In today’s market with about a 1% vacancy rate and high demand, landlords (and sellers) of industrial warehouse space find themselves in a very desirable position. How do those conditions play out in negotiations? How can a potential tenant or buyer understand these dynamics best to help win them the deal?
Landlords and sellers are looking for three things:
(a) Best price & terms,
(b) Most convenient & timely transaction, and
(c) Confidence in the tenant’s or buyer’s ability to perform.
Therefore, tenants and buyers must be prepared to demonstrate their strength in the following areas:
With price and terms left for another article (see September 2017), one of the most pivotal points of consideration for landlords and sellers is the prospect’s ability to perform on an agreed upon deal – strong credit is key. A landlord considering a tenant will want to see your financials, so have them prepared and in order, and be ready to answer follow-up questions in a timely manner. If you are saying to yourself, “My financials are not the strongest”, don’t worry, but be prepared to put down extra security deposit and/or consider a personal guaranty. One of the best thing a tenant can do is have all their financial information accurate, complete, packaged and accessible.
The next thing landlords want to know is “What is your story?” Why are you moving, and from where? What does your current operation consist of, and how would it look if a landlord came to visit un-announced (clean is appealing)? While landlords understand that tenants move from less desirable to more desirable locations, they are more concerned with understanding where you are going as far as future sales are concerned. Who are your customers and what are the forecasts for the future? Can you demonstrate that the business is moving forward and will continue to do well? Along with having their past financial records in order, it is beneficial for tenants to paint the picture of what their long-term business will look like in this new location. This can be accomplished by explaining customer relationships or contracts for new business.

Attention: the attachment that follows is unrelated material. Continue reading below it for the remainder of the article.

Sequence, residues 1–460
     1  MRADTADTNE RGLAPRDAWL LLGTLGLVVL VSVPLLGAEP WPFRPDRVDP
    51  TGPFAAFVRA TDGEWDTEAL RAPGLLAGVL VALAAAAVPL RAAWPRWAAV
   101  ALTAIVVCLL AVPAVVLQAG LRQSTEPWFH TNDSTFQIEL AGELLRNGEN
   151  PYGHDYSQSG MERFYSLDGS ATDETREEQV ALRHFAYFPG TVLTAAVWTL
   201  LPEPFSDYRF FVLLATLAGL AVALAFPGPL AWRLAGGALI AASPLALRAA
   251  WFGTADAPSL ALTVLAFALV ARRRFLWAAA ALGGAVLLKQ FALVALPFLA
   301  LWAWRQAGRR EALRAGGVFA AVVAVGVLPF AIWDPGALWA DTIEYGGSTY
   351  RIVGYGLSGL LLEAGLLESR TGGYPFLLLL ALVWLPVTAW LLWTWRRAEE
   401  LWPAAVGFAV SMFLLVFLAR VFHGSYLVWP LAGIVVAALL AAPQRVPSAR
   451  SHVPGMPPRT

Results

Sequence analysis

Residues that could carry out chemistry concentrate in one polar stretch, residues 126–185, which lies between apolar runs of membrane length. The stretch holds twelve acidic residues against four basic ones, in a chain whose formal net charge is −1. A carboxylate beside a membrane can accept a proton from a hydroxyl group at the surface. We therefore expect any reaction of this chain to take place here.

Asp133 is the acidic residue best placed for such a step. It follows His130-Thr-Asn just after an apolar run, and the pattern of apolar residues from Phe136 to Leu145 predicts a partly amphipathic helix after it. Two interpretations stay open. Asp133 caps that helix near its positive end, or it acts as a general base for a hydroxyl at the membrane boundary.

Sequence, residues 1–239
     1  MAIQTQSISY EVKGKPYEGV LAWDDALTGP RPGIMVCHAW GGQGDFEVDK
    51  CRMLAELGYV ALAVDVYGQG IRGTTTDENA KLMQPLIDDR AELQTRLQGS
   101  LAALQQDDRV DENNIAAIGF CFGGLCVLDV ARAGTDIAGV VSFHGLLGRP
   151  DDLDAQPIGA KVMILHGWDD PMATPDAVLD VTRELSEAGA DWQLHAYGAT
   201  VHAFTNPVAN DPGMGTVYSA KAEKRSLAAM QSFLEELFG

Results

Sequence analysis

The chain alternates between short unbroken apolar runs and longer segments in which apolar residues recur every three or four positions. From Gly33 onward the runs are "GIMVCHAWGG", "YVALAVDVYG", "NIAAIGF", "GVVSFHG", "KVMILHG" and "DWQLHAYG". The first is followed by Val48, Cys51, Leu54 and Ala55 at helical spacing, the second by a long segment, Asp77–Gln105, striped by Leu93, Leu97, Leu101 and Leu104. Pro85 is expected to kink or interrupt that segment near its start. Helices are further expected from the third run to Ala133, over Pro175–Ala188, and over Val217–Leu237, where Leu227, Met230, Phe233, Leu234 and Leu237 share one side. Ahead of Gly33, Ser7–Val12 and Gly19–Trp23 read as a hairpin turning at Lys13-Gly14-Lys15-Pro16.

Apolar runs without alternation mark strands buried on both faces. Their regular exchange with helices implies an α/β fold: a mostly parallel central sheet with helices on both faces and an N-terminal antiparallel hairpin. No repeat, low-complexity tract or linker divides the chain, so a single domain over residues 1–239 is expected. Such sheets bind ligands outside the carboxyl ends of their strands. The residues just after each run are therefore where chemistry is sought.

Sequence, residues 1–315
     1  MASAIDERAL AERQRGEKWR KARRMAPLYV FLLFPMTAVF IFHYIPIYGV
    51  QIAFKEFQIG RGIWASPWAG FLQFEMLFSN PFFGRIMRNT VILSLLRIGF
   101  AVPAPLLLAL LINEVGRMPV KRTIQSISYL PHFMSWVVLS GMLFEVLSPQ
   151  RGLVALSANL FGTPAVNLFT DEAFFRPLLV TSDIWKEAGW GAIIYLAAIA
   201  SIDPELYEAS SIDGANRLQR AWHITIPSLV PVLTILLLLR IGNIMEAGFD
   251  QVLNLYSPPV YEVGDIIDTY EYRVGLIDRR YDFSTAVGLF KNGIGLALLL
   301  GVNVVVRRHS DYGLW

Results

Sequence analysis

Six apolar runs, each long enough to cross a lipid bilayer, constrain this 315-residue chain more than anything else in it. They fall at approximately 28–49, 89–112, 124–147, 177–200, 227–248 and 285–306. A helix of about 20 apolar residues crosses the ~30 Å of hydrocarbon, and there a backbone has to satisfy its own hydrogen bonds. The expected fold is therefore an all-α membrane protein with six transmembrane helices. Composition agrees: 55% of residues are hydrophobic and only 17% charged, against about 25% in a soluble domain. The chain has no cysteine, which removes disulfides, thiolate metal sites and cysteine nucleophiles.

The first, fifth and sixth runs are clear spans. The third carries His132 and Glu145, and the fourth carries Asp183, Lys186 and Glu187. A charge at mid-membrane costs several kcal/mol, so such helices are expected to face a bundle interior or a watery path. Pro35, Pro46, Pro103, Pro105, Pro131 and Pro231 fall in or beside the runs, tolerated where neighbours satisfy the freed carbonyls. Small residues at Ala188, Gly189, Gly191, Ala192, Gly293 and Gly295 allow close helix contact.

Personality is the often-overlooked factor in any negotiation. While “business is business” and contracts govern the rules for any lease agreement, it is important to remember that in a lease you are entering into a long-term relationship with another party. How a tenant behaves during negotiations is akin to how someone behaves on a first date (if they are interested in the other person): they are on their best behavior! But, over time, their true colors come out. If landlords are given the option between two equally qualified applicants, personality can become a key factor. How prompt were you with requests? Were you reasonably pleasant to deal with? Do you understand market dynamics? Did you attempt to get the deal done in a timely manner? Tenants can give themselves an edge by being prepared to put their best foot forward and following through on what they say.
If you are a tenant looking for space and getting frustrated with the difficulty you are finding securing that space, contact us today so that we may assess what you have done to date and what can be done differently on the next negotiation. Our team has completed over 165 leases and over 25 sales in the past 10 years; we know how to help you get your deal done too. We look forward to hearing from you.
Christopher J. Destino, SIOR, a Principal at Lee & Associates, is an engaging, responsive professional who enjoys working closely with his clients and helping them succeed.
Industrial Insight Archives